Soul music tells stories, contributed to society

by Deb Bartlett

Room 217’s Collection 4 Boomer Tracks features the music of the ‘50s, ‘60s and ‘70s – the music many of us grew up listening to. When we think of the types of music that were influential, soul music has to be considered. Soul spawned some of the biggest hits and biggest stars in the music industry, and evolved into even more genres of music.

The Soul City album includes Stand By MeI Heard It Through the GrapevineHow Sweet It IsYou Are the Sunshine of My Life, and 12 other songs that are solidly soul, but also crossover into pop, R&B, soft rock, and funk, depending on whose version of the recording is being discussed.

Soul music as a genre is rooted in African-American gospel, and rhythm and blues, and focuses on vocalists. The term “soul” referred to African-Americans’ culture and pride. Into the ‘60s, soul became a term that was synonymous with African-American pop music. According to liveabout.com soul is “music that arose out of the Black experience in American through the transmutation of gospel and rhythm and blues into a form of funky, secular testifying.” That testifying often told the stories of hardship, struggle, loss and love.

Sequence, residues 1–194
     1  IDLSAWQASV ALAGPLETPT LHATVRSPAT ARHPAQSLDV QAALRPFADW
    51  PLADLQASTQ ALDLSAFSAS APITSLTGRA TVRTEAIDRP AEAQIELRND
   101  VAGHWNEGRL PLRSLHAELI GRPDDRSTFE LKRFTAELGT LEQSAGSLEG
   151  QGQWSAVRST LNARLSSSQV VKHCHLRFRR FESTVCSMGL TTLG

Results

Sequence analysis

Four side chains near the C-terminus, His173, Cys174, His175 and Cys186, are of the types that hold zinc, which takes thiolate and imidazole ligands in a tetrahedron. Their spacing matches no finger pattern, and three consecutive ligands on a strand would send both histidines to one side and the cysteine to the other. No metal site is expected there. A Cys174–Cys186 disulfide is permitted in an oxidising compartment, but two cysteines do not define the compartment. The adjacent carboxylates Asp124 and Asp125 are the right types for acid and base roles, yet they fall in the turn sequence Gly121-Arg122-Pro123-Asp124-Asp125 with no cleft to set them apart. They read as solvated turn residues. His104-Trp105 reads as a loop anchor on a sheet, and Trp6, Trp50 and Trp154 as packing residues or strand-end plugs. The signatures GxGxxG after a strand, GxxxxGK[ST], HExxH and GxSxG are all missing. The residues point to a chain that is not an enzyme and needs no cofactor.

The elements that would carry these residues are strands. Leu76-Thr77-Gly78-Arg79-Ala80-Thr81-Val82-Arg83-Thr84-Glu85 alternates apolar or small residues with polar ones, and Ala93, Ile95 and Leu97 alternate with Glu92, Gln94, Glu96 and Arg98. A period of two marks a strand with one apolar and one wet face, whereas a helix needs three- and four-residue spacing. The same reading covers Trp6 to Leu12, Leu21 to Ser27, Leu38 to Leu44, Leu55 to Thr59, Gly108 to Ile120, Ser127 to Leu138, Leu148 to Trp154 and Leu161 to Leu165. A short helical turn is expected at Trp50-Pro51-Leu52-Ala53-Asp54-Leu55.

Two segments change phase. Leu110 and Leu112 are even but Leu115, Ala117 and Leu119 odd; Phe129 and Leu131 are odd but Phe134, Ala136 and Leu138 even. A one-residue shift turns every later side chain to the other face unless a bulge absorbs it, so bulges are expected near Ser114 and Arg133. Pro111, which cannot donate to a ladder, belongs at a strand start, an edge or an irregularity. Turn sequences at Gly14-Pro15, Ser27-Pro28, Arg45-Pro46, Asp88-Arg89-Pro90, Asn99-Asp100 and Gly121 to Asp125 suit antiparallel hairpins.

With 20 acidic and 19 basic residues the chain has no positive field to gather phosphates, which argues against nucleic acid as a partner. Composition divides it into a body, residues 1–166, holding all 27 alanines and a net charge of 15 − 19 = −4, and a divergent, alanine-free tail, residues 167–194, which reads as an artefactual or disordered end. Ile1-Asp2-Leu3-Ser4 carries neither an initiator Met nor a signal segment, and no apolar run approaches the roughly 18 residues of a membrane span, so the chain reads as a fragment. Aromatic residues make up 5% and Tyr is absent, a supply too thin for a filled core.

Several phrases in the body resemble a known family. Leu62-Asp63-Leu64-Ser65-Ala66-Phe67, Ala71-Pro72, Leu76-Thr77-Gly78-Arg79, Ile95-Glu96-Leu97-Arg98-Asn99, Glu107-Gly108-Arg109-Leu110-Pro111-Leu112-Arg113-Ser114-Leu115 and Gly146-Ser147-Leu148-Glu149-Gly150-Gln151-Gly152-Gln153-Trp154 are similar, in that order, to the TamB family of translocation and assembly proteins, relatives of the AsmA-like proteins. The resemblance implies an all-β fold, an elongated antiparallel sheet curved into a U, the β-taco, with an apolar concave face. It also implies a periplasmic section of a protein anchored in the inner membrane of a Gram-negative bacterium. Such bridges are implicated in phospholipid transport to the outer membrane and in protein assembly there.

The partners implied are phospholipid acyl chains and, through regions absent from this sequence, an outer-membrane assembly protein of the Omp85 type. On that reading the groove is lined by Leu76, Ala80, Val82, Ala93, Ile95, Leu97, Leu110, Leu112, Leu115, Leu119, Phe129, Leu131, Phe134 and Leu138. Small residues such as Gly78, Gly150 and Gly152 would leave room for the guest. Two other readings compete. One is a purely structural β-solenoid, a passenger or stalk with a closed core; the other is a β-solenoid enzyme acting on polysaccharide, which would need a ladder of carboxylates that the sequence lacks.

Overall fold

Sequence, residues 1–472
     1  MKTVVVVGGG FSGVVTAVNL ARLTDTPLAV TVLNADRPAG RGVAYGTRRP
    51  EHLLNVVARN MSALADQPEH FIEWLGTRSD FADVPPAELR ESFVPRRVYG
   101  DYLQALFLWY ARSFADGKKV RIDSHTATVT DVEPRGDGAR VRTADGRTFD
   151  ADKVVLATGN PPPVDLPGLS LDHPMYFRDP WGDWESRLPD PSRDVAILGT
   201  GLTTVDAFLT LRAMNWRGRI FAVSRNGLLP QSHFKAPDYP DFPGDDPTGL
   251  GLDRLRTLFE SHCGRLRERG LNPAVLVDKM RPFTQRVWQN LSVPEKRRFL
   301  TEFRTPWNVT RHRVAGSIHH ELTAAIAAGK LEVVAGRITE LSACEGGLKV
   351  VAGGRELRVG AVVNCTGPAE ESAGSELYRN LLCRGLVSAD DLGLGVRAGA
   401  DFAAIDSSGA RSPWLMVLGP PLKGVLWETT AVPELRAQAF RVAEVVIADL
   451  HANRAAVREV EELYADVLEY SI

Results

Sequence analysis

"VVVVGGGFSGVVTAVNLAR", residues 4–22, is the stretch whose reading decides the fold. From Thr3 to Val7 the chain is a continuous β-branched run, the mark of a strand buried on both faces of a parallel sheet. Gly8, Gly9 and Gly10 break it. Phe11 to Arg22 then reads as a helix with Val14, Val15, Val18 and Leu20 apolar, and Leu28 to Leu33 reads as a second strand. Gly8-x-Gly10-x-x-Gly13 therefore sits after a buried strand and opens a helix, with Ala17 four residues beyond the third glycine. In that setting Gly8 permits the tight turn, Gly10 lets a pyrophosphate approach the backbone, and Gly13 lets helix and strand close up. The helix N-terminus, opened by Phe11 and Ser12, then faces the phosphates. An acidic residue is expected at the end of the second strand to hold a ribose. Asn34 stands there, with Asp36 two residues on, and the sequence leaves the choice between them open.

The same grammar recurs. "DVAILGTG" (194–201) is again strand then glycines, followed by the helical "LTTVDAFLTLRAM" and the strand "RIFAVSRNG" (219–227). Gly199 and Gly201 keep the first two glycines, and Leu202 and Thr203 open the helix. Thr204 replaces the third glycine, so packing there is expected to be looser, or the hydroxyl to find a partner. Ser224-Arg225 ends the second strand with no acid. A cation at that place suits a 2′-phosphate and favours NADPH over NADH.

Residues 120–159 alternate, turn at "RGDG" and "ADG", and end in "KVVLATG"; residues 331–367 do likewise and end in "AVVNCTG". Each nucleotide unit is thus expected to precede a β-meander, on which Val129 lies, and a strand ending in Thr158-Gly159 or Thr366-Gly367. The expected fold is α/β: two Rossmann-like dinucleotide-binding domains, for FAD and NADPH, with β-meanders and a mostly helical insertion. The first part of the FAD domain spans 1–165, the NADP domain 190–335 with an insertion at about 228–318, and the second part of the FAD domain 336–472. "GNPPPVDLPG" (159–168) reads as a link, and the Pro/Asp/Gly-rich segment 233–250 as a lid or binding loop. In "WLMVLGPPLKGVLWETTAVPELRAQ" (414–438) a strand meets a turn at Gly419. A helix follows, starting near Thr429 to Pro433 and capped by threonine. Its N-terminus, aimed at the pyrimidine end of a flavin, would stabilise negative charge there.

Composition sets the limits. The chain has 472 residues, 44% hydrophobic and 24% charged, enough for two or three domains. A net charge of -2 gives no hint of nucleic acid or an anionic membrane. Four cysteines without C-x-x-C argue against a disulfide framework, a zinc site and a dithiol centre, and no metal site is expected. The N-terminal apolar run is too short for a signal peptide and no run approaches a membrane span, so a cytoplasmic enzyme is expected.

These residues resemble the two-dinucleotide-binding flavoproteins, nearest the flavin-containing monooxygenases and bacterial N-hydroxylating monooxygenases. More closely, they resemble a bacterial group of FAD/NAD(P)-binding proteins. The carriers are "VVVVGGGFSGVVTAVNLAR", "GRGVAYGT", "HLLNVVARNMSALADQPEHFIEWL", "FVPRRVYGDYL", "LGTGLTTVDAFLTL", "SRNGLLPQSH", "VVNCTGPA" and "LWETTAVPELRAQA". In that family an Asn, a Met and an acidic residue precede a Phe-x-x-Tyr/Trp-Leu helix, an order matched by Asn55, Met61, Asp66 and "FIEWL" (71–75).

Among the artists credited with popularizing the genre are Ray CharlesLittle RichardOtis ReddingSam CookeJackie Wilson, and the Godfather of Soul, James Brown. The Soul City album features Respect, the signature song of the Queen of Soul, Aretha Franklin.

The website teachrock.org has some great pages about soul’s contribution to not just music, but society. Soul had a role in challenging racial boundariesfeminism, and the civil rights movement.

Soul created great music, but if you listen well, it also tells us great stories.

The Soul City album features the vocals of Marlene O'Neill, one of Canada's premier inspirational vocalists. Take a listen to a couple of samples from the album (scroll down to the bottom of this page to hear some clips) and you'll understand how Room 217's arrangement of these classics will sooth and settle.

Deb Bartlett is a journalist by profession, with a particular interest in the health and education beats. As Room 217’s Resource Lead, her experience as a writer lends valuable communication and networking expertise within the wide range of Room 217 customers and media relations.